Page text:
Sylvan plans move to city in '96

November 16, 1994|By Kevin L. McQuaid | Kevin L. McQuaid,Sun Staff Writer

Sylvan Learning Systems Inc. is planning to relocate to downtown Baltimore from Howard County by the end of 1996 in an attempt to elevate the company's image and support the city.

"We think a move downtown would provide visibility for the company and provide a number of amenities for our employees," said Douglas L. Becker, the company's president. "The city has supported us, and we want to give something back, in a sense."

To underscore its proposed move from the suburbs, Sylvan hopes to build a 50,000-square-foot headquarters somewhere along Baltimore's waterfront. Mr. Becker said Sylvan, the nation's largest tutoring company, was considering several sites, including the planned $350 million Inner Harbor East project south of Little Italy, as well as parcels in Fells Point and along Key Highway.

A Sylvan move would affect 200 employees in its Columbia headquarters, which Mr. Becker estimates could grow to 300 by the time of its relocation. The company was seeking a parcel that also includes land for expansion since the company projects its needs could double by the end of 1997. Total cost for the project was estimated at between $10 million and $15 million.

Sylvan's move would come at a time when many longtime city office tenants -- including Amoco Corp., McCormick & Co. Inc. and others -- have abandoned downtown, because of rental costs, fear of crime or lack of parking.

Sylvan's move would not be unprecedented, however. Last year, architectural firms Design Collective Inc. and Kaplan Sutton & Associates relocated into Baltimore from Howard County to be closer to clients and heighten their images.

Part of Sylvan's aim, Mr. Becker said, was to establish Baltimore as an education center, in the same way the city and the state have been pushing to create a life sciences hub by capitalizing on existing institutions, such as the Johns Hopkins University and the University of Maryland.

The company, which became publicly traded in December 1993, owns or has franchise agreements with 530 educational centers in North America, including 12 in Maryland.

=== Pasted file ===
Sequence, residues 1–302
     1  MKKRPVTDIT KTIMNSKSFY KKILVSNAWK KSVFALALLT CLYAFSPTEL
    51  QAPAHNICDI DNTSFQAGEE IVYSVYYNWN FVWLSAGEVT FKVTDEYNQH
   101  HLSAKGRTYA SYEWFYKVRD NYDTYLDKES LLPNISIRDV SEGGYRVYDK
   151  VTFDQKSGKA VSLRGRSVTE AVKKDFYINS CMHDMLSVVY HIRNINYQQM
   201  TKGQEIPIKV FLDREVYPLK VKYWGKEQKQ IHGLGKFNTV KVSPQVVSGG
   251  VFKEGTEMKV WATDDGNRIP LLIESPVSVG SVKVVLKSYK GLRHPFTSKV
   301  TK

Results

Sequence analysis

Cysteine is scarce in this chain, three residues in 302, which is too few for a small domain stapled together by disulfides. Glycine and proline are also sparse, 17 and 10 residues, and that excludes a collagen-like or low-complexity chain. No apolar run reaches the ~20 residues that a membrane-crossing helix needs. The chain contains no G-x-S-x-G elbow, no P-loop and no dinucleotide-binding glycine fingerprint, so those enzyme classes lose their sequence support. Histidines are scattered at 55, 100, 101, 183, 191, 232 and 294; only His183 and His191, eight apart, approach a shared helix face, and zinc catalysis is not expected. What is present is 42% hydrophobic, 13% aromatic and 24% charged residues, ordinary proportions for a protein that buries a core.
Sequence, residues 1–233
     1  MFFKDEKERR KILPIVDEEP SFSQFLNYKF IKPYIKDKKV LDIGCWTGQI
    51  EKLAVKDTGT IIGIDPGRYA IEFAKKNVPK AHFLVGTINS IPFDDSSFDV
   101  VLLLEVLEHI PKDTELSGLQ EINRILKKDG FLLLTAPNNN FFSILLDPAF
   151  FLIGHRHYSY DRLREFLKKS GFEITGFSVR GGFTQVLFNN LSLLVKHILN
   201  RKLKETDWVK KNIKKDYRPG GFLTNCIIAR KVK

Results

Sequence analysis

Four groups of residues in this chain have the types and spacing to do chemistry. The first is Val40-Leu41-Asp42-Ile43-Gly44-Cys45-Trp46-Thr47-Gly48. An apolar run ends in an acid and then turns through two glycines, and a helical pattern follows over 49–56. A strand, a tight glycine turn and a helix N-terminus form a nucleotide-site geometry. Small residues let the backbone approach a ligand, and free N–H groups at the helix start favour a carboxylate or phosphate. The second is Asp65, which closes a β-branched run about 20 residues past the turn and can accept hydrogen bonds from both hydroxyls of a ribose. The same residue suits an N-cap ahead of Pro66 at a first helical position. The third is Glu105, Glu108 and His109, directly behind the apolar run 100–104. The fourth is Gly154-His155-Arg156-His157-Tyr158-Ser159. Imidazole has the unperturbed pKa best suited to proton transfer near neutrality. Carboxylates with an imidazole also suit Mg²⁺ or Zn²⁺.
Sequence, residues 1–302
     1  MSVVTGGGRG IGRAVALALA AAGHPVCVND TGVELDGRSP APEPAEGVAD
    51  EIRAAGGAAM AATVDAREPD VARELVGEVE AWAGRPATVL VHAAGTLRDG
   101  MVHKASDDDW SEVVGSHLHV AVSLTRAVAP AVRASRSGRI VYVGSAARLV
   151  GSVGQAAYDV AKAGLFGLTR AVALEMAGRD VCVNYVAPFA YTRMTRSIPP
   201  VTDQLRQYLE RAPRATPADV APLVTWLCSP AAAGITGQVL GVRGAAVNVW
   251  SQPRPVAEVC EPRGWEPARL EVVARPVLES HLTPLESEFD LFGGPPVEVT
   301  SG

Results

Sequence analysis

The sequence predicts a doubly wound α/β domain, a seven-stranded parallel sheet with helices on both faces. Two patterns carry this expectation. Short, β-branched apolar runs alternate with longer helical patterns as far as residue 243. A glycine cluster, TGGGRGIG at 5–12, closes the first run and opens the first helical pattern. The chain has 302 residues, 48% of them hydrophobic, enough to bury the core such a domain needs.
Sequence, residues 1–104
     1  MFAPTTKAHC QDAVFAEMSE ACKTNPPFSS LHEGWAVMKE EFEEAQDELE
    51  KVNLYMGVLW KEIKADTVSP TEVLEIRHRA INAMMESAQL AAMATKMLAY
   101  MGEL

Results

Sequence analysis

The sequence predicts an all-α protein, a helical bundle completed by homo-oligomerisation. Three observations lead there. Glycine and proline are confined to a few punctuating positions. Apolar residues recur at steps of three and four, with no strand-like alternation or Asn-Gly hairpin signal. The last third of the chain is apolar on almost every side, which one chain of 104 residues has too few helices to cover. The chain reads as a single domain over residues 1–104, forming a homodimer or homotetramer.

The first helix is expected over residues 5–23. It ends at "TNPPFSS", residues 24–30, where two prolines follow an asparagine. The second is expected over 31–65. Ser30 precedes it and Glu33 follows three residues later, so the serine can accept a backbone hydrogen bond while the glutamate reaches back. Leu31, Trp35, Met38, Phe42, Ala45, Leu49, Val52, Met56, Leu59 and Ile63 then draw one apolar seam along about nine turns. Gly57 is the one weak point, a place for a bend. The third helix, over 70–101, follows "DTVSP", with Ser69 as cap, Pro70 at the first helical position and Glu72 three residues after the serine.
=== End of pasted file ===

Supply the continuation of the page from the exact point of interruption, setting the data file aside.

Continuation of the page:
One of Sylvan's largest clients is the Baltimore school system, which has a $2.7 million contract with Sylvan to provide tutoring to nine elementary and middle schools. In February, Sylvan will begin work in a city high school.

Mr. Becker said the prospective move to the city was not connected to his work as chairman of the group organizing the city's planned $30 million children's museum and learning center, slated to occupy the Brokerage at 34 Market Place downtown and draw 400,000 visitors a year.

Mr. Becker acknowledged the costs associated with the planned move would be much higher than either building new quarters in Howard County, or moving into an existing downtown office building.

"We gave that heavy consideration, but we need room to grow, and we also don't want to become just another tenant taking up a few floors," Mr. Becker said. "Our feeling was we'd get lost that way."

Since its formation in February 1991, Sylvan has branched out from its tutoring base to provide computerized testing and other educational services. Core business growth and diversification have resulted in a steady climb in its earnings.

Through the first nine months of this year, Sylvan posted income of $2.2 million on revenues of $28.3 million, a 90 percent increase compared with the same period a year earlier. In 1993, Sylvan reported a net loss of $364,000 on revenues of $18.1 million, according to filings with the Securities and Exchange Commission.

Sylvan is evaluating various proposals from architectural and development firms in association with a move, and intends to decide on a designer in a matter of weeks. Mr. Becker declined to reveal the firms under consideration.

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